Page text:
For two solid years there, Marvel put the creator who made the title as popular as it was, behind the eight ball. It's classic. It's amazing we didn't all see this day coming many moons ago. When a series is mostly forgotten, the comics company will put anyone on it. Once a creator gets the book popular -- mostly due to being left alone and allowed to pursue that individual creator's own edict -- the company starts fiddling with the book again. THEY know what's best, not the creator. So they jerk him around. (It happened once before. 7 of Marvel's most popular artists left and formed some start-up company. Wonder what ever happened to it?)

Oh, and did I almost mention it was only fan outcry which saved the popular series from being cancelled around the time of HEROES REBORN? Yup, they almost cancelled it. Of course, there were some of us who thought that might have been a merciful death given the crappy things Marvel was doing to the book and the crappy artists they assigned to it. (Liam Sharp will forever be on my sh!t-list for his issues. I mean, you know it's bad when Mike Deodato is a big improvement.)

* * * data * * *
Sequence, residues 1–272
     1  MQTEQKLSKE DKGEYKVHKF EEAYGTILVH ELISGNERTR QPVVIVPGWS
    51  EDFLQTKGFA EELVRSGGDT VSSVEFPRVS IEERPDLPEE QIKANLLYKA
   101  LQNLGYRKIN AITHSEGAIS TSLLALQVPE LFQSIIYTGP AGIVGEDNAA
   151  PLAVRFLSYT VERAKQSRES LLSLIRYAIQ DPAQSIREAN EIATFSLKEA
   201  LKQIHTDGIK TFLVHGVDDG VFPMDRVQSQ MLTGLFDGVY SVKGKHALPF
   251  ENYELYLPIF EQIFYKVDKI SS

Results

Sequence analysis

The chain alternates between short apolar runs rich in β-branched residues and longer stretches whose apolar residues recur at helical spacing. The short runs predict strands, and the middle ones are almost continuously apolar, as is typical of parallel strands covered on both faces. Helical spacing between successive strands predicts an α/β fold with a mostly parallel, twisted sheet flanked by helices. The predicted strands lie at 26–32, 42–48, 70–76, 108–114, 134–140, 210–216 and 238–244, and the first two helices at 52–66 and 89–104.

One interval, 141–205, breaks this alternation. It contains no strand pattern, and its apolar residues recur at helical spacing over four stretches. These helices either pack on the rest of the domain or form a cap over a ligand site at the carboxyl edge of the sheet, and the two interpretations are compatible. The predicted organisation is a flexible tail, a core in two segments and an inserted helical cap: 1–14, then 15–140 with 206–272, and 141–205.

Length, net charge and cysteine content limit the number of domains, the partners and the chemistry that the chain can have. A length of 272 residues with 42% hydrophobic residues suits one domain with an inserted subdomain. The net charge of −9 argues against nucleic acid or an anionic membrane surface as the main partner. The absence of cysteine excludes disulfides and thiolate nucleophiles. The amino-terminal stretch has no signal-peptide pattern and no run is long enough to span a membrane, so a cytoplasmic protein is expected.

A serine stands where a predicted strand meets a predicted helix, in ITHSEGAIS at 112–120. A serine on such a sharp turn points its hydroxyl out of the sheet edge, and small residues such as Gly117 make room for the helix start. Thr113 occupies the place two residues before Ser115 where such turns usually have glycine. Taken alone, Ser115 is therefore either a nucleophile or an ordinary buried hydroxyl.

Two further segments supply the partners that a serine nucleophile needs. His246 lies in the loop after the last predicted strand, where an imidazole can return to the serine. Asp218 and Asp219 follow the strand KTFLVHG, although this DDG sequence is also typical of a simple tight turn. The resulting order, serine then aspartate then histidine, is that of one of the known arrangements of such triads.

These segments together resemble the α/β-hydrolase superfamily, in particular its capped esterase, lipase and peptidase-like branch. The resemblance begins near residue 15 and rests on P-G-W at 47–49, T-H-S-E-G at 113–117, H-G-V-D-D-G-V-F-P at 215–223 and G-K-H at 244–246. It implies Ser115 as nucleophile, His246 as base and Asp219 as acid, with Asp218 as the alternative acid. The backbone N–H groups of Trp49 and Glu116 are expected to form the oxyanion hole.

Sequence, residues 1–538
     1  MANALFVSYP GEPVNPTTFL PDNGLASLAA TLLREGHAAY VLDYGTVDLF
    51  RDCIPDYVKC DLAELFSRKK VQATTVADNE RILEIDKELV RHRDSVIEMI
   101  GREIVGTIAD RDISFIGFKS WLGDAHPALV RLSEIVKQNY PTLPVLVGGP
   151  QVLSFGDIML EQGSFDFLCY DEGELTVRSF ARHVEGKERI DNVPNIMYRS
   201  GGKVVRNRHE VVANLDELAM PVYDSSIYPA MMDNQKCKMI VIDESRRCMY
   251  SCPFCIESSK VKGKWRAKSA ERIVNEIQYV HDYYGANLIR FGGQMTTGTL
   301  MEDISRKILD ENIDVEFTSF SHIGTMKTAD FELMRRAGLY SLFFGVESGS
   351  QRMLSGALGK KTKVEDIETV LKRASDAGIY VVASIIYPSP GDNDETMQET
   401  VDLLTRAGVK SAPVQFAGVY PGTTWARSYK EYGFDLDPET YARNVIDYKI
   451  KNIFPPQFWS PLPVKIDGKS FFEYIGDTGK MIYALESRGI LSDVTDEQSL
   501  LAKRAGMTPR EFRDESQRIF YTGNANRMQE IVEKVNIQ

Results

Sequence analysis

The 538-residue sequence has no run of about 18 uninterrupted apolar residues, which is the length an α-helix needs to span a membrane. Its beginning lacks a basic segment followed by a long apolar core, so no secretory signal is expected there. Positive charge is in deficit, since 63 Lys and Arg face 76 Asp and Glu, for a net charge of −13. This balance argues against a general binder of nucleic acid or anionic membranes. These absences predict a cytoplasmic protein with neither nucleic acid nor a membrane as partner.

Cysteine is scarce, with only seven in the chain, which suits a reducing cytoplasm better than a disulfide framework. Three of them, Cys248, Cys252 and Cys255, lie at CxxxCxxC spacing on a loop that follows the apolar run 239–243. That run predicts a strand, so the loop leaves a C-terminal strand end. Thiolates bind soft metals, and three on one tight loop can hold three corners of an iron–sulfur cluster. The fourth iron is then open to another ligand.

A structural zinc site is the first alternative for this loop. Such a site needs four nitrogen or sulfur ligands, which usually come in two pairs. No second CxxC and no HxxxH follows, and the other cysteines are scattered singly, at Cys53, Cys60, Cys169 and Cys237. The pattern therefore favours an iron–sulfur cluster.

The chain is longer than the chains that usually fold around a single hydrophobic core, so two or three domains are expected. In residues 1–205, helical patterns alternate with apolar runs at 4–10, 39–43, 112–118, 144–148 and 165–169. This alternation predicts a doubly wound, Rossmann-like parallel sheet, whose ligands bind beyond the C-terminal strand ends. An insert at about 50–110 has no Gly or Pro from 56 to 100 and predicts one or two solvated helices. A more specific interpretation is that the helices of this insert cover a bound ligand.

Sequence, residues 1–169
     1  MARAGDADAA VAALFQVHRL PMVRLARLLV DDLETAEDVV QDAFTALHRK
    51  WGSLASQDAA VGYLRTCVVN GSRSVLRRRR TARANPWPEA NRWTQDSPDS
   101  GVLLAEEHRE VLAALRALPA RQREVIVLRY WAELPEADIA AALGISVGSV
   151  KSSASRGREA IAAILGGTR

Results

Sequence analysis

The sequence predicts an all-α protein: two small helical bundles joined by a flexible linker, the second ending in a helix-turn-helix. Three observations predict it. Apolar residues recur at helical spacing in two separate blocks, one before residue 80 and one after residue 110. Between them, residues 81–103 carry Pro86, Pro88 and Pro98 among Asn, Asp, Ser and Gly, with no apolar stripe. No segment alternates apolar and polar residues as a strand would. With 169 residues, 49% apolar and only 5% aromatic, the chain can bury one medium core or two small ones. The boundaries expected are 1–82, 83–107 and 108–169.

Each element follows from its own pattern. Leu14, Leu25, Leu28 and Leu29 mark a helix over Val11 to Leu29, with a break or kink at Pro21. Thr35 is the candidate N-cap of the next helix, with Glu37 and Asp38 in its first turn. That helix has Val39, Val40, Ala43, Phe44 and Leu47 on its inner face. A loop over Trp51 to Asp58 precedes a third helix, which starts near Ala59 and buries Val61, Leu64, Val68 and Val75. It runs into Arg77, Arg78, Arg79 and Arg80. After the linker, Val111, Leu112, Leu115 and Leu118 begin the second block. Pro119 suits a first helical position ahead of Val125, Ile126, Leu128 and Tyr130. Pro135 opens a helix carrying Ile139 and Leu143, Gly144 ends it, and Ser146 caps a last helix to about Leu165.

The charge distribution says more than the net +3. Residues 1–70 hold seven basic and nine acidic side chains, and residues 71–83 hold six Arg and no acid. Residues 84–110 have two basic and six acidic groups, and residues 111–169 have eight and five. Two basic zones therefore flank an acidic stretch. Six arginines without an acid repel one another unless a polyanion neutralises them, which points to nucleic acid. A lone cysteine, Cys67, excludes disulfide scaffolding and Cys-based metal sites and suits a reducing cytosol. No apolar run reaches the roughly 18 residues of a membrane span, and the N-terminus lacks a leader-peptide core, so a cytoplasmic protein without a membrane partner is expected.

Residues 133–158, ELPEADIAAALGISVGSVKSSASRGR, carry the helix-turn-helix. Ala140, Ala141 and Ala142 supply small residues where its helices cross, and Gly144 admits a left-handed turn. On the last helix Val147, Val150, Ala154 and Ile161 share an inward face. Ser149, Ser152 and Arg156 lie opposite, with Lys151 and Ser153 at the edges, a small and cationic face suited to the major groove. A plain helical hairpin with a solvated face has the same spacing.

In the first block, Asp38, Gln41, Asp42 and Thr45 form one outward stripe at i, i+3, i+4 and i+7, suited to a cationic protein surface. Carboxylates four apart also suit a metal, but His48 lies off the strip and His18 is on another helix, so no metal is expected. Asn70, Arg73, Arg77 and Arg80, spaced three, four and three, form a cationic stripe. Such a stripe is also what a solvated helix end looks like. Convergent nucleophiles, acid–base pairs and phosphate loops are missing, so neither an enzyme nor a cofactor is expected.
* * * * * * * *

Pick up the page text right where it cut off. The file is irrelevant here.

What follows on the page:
The final issue is a masterpiece in an of itself. Yet Marvel tries to ruin it. How? Well, right after the letters page, they throw in a two-page prologue which automatically invalidates a chunk of the previous PAD finale. I'm half-tempted to just rip that last page out of the comic and forget I ever saw it.

But it points to one thing: Marvel has no respect for PAD's work. They're already working to undermine it and return things to the status quo.

It is also my firm belief now that PAD was more or less forced off the book. Nothing Marvel's done vis a vis this title in the past year has made any sense. And their dictate of direction which forced PAD off the book is just screwy. Do yourself a favor and go look up Rich Johnston's web site. ( http://www.twistandshoutcomics.com ) He has a wonderful essay on his Ramblings page devoted to this topic which outlines everything.

When it comes right down to it, Politics almost ruins this great title.

But not for me. John Byrne or not, this series ends for me with this issue. It's a wonderful ending and it's the ending I'm choosing for the book. I feel no need to read on.

I don't mean to sound bitter and cynical. It should be a celebration, as PAD uses the issue to have an epilogue, of sorts, keeping track of what happened to all the characters in the years after the current storyline finishes. And that shall be my continuity. The issue itself is a wonderful mixture of splash pages and panel-to-panel storytelling, with a couple of absolutely unforgettable images, including the funeral and Doctor Banner lighting up his pipe and Rick Jones sitting in a room which could only serve as a precursor to the trophy room in FUTURE IMPERFECT... In spots, you can read it like a science-fiction short story. Andy Kubert's art has never looked so good.

Sit back, take your time, have a hanky ready, and read the grand finale.

So long, PAD, and thanks for all the fish.